Suicide attack at coalition base in Iraq is foiled
An Islamic State suicide attack on a coalition base in northern Iraq was foiled Saturday without Iraqi or coalition casualties, officials said.
U.S. Army Col. Ryan Dillon, the coalition spokesman, said on Twitter that one attacker prematurely detonated a suicide vest and two others were shot dead.
The U.S.-led coalition said in a statement that the trio, armed with suicide vests and small arms, tried to attack a base near the northern town of Hawija late on Saturday.
It did not specify the location, but a source with the Kurdish forces, known as peshmerga, told the Iraqi Kurdistan-based news agency BasNews that the attack occurred at a base set up earlier this month in a village south of Makhmour to help coordinate between Iraqi and Kurdish forces.
"The peshmerga forces are on alert and an investigation into the offensive is under way," said Jamal Murtka, the commander of the peshmerga forces in Makhmour.
A military offensive is expected to begin soon to liberate Hawija -- located some 40 miles southwest of Kirkuk and 25 miles south of Makhmour. It's one of the last remaining Islamic State-held areas in the country after U.S.-backed Iraqi forces drove the militants from their last major urban stronghold of Mosul this summer. The extremists have seen their territorial control reduced to about one-tenth what it once was, but the group has shown it is still capable of conducting attacks as its physical "caliphate" shrinks.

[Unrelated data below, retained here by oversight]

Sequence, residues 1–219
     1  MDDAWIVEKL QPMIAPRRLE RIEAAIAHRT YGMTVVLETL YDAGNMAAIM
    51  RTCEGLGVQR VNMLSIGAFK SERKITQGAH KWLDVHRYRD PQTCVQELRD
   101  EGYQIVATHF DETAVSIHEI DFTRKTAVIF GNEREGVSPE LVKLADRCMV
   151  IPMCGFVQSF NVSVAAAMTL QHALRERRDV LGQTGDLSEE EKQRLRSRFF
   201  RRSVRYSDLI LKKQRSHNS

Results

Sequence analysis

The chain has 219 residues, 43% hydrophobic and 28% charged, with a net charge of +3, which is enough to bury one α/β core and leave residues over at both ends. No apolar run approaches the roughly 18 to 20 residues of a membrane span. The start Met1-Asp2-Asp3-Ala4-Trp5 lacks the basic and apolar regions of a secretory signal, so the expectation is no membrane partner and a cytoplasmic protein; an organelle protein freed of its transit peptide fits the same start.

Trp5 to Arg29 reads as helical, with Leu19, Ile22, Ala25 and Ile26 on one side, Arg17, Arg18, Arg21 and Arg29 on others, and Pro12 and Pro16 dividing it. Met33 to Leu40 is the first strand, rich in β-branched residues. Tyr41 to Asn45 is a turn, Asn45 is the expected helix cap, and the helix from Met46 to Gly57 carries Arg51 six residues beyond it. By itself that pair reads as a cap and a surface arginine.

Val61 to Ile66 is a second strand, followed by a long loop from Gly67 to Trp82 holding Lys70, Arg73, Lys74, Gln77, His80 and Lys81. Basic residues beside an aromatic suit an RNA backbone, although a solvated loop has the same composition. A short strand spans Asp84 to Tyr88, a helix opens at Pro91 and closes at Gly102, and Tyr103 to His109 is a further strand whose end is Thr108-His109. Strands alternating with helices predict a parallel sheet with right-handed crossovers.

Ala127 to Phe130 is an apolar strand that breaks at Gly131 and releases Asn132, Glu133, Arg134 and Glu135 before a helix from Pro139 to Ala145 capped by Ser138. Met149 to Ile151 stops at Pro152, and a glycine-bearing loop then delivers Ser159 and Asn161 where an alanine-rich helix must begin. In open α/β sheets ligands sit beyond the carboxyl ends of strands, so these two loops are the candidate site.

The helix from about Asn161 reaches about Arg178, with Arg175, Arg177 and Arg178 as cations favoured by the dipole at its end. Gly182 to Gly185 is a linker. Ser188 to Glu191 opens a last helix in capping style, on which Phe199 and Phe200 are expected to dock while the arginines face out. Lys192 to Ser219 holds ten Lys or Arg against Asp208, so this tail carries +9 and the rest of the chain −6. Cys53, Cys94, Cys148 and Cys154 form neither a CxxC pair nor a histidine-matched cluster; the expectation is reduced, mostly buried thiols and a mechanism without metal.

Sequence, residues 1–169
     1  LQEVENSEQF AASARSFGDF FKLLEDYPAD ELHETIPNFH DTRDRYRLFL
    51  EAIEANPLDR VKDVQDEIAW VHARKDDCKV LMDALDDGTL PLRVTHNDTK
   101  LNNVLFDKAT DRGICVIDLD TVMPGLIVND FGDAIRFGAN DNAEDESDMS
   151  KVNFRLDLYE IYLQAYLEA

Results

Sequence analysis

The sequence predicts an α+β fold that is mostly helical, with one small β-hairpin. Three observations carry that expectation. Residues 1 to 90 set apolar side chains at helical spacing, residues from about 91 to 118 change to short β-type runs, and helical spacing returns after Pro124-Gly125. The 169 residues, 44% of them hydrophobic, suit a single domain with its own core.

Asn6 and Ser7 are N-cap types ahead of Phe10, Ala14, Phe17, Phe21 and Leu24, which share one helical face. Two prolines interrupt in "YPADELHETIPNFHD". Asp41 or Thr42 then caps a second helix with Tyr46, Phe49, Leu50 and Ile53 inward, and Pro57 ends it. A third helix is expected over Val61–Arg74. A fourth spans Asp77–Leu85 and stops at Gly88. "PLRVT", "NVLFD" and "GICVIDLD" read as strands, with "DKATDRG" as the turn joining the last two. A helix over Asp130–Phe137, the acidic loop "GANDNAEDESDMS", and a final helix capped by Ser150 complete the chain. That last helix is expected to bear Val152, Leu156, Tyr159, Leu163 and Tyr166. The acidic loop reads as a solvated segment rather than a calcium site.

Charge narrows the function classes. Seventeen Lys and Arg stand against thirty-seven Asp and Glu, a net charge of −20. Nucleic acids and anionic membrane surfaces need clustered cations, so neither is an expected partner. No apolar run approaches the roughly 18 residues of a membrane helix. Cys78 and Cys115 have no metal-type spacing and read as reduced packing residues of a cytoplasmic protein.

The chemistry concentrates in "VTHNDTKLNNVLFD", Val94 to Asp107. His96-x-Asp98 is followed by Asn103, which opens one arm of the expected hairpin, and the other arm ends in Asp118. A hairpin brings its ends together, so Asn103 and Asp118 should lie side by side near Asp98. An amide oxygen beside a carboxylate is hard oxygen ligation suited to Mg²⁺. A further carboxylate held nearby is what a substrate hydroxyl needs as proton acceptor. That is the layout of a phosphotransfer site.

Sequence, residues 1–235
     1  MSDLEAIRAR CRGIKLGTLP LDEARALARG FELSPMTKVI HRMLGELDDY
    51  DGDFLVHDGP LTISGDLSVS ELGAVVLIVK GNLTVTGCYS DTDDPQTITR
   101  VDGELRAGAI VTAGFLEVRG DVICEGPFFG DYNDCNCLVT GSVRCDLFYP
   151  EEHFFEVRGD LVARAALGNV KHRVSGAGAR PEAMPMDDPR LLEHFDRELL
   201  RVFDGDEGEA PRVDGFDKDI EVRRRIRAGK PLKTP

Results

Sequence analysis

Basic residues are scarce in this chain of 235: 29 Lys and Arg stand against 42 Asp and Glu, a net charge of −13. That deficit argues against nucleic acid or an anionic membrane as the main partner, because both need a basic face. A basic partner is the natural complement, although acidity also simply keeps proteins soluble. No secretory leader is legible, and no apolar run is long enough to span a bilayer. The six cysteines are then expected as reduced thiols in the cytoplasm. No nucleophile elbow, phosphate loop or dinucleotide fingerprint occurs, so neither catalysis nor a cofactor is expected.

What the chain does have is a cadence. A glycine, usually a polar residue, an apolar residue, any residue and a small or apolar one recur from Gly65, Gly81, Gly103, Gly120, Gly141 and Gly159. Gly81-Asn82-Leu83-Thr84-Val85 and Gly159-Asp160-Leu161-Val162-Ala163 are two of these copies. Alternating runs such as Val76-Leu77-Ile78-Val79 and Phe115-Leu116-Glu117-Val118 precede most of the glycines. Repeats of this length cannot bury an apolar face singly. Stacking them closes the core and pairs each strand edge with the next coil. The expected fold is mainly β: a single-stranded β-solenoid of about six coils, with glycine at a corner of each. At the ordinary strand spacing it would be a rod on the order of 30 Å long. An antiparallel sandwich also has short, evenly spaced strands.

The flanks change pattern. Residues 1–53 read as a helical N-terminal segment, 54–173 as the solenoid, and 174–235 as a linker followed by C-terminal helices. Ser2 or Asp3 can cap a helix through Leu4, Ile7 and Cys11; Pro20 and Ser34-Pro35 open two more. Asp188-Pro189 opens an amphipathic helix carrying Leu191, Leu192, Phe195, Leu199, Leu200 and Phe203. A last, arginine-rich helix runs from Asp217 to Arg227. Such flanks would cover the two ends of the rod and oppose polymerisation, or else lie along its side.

An attack Thursday on a checkpoint and restaurant near the city of Nasiriyah in southern Iraq killed more than 80 people and wounded dozens of others.
It's unclear whether the militants are responsible for a fatal nighttime attack Saturday in a Kirkuk neighborhood. That attack, near a popular park, killed at least three civilians and wounded nine more, according to local media.
Kirkuk is in disputed territory claimed by both Iraq's central government in Baghdad and the Kurdish region's autonomous government in Irbil. The provincial council there voted to take part in Kurdistan's referendum on independence later this month. Many fear tensions between Kurds and Arabs in the area could turn violent, and U.S. and other allies have urged a delay on the independence question to keep the country united and focused on the fight against ISIS in its last remaining enclaves.